Iron Man also investigates Moon Knight's activities by placing him under close surveillance. Finding his mental condition unstable, Iron Man decides that arresting Moon Knight under the Registration Act might make his mental instability worse. However, Moon Knight is identified as one of the 142 registered superheroes appearing on the cover of Avengers: The Initiative #1.[38]

Moon Knight begrudgingly applies for registration after much prodding from Khonshu, not wanting the law to keep him from his work. The law requires him to submit to a psychiatric exam. The psychiatrist controlling the exam, along with the government and Tony Stark, have no intention of granting Marc Spector approval for registration. After speaking with Spector's repressed alter egos Jake Lockley and Steven Grant, the psychiatrist begins the process of officially turning him down, suggesting possible future imprisonment. Spector breaks the doctor's will by speaking in the voice of Khonshu and pointing out the doctor's own antisocial tendencies, told to him by the Profile. The psychiatrist not only approves his application, but bows to worship him as well. However, later on, Marc meets the Profile with their dialogue suggesting that the personalities above were just an act to be approved for registration.[39]

In the subsequent arc, "God and Country", writer Mike Benson and artist Mark Texeira take over the series, with Charlie Huston still co-plotting. This arc centers itself on Moon Knight's ability (or lack thereof) as a "registered hero" and Marc Spector's ability (or lack thereof) to hold on to the people around him. This arc sees the return of the classic Moon Knight villain Black Spectre. In this story Carson Knowles, recently released from prison, falls back into his ways as the Black Spectre and yet again attempts to destroy Moon Knight and hurt the city. In issue #19, the finale of "God and Country", Moon Knight pushes Knowles off a building apparently to his death. This arc also features a large role for Tony Stark, as the head of the initiative, and lead dissenter of Moon Knight's vigilantism.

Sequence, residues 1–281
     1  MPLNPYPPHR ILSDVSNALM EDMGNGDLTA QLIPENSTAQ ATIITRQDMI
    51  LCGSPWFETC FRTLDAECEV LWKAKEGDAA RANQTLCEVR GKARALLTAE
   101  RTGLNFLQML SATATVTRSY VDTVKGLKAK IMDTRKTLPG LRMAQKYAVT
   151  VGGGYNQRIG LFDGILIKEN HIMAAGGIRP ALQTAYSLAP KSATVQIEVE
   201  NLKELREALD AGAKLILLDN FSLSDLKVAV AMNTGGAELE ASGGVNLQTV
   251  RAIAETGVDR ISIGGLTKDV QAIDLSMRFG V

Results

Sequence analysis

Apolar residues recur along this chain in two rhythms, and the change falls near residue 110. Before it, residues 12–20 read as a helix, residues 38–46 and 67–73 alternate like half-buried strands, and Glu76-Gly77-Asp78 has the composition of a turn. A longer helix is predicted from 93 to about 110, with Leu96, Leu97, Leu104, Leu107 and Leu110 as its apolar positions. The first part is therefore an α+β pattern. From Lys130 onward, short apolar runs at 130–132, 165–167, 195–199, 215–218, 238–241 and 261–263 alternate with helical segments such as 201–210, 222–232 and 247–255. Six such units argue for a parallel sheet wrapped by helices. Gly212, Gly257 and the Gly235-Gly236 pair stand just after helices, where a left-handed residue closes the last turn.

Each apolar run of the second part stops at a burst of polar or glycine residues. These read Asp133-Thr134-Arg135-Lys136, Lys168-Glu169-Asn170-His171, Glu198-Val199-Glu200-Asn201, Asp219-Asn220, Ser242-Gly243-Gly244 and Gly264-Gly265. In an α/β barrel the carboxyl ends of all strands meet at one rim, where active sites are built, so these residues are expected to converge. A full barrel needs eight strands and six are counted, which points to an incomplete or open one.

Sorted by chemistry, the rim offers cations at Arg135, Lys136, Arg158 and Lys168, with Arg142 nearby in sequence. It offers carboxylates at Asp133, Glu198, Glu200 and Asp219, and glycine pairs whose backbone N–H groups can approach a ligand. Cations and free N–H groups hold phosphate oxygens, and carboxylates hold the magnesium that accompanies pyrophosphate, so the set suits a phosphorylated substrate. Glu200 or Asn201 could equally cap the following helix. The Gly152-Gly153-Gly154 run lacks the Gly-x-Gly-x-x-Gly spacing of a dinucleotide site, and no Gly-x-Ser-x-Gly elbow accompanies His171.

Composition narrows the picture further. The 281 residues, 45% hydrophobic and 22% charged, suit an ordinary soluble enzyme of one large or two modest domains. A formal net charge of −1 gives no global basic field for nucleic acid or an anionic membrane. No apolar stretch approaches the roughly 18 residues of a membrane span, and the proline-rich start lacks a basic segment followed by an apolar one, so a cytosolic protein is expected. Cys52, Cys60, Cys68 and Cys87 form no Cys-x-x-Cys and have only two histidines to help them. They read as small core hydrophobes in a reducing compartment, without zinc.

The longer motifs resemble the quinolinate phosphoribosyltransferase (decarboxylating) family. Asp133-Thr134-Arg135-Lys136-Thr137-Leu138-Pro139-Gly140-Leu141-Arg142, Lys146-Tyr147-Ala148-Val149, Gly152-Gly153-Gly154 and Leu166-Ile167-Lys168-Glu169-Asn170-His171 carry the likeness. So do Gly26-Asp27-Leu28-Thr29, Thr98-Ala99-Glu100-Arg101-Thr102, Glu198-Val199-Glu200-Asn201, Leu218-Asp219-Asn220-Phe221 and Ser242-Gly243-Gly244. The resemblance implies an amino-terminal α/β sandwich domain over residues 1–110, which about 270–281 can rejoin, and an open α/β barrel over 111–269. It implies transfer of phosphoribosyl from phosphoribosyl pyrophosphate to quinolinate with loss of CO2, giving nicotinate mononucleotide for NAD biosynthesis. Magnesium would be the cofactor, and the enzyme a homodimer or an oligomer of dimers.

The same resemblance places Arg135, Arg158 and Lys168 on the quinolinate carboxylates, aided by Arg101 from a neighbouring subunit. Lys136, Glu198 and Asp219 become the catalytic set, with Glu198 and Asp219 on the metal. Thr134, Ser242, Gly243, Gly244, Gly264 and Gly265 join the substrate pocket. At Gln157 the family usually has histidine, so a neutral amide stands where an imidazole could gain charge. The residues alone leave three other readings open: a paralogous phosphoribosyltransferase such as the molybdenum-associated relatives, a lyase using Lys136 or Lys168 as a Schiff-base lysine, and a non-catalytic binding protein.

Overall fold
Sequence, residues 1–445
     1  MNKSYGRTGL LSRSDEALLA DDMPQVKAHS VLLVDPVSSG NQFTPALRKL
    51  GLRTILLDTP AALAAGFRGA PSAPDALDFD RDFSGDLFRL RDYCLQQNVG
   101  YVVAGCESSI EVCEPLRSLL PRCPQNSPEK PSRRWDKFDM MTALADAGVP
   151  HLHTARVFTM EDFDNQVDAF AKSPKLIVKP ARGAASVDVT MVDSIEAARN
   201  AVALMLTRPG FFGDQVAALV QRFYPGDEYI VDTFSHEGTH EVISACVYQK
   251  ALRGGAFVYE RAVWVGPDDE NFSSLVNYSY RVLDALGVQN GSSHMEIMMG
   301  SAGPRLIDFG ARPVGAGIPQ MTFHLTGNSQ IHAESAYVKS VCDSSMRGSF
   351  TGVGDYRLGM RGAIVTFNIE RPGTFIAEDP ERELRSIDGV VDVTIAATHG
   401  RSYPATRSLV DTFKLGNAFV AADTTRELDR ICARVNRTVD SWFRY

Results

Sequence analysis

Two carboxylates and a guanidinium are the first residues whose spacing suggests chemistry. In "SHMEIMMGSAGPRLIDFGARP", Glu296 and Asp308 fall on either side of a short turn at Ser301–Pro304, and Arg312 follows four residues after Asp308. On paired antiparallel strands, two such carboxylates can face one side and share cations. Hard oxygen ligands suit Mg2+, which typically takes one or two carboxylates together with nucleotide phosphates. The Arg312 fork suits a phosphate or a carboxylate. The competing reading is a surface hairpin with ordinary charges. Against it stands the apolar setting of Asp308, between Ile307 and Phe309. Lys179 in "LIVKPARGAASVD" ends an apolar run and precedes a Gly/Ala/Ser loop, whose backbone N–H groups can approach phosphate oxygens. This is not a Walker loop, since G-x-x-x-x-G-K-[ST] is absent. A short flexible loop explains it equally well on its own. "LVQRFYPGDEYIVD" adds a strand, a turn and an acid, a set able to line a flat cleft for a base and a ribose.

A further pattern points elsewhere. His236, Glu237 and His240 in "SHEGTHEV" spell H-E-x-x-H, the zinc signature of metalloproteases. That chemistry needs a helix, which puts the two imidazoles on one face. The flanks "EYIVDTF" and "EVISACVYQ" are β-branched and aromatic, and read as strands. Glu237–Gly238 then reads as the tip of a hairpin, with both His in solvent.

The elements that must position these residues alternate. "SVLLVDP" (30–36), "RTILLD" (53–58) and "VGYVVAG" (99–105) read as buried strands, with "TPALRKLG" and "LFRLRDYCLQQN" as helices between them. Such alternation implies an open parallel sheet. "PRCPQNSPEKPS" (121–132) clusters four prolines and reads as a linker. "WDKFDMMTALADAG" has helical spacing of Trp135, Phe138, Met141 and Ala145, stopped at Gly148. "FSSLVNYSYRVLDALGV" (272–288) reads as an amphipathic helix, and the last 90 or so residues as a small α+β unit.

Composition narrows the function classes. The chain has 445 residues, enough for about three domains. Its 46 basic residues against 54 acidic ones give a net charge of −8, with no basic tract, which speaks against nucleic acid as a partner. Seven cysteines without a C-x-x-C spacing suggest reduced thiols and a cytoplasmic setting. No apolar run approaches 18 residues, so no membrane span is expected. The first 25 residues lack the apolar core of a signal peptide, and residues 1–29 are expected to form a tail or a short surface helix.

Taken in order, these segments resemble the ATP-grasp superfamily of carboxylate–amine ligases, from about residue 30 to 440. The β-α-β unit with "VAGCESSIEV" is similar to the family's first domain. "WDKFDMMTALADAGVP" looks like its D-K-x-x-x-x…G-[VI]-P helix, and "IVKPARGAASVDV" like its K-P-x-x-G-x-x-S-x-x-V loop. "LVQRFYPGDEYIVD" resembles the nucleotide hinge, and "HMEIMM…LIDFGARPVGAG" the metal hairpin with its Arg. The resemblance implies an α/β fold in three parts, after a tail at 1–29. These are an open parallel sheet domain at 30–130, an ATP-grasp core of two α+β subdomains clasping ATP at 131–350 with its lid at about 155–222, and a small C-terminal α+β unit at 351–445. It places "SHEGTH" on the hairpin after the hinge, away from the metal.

In issue #21, a new story arc began, titled "The Death of Marc Spector." This arc is written by Mike Benson, and it involves the Thunderbolts, led by Norman Osborn, who are now on the hunt for Moon Knight. Tony Stark and his second-in-command Maria Hill argue with a man named Sikorsky, who represents the CSA and desperately wants for Moon Knight to be apprehended with extreme prejudice. Marc Spector himself busts up a drug deal while wearing an entirely black costume, while going through an internal monologue about how crime-fighting is much easier without the burden of his reputation and 'costume recognition.'[40]

Several weeks later, after barely surviving an altercation with the Thunderbolts, Spector pleads for Khonshu's forgiveness for turning his back on him and for the god's renewed assistance. Khonshu appears and informs Spector he doesn't need him anymore, as he now has other worshippers. Spector returns to his Moon Knight costume to aid Frenchie DuChamp in gaining revenge on the Whyos gang for attacking his restaurant and injuring Frenchie's lover Rob, only to find the Whyos' attack was designed to draw Spector into another conflict with the Thunderbolts when he is ambushed by Venom.[41] After a brief fight Moon Knight is captured, but escapes when S.H.I.E.L.D. shows up. Frenchie agrees to help Spector, and Ray joins the reformed team as well. Bullseye is released to kill Moon Knight, as Spector prepares to go out with a bang.[42]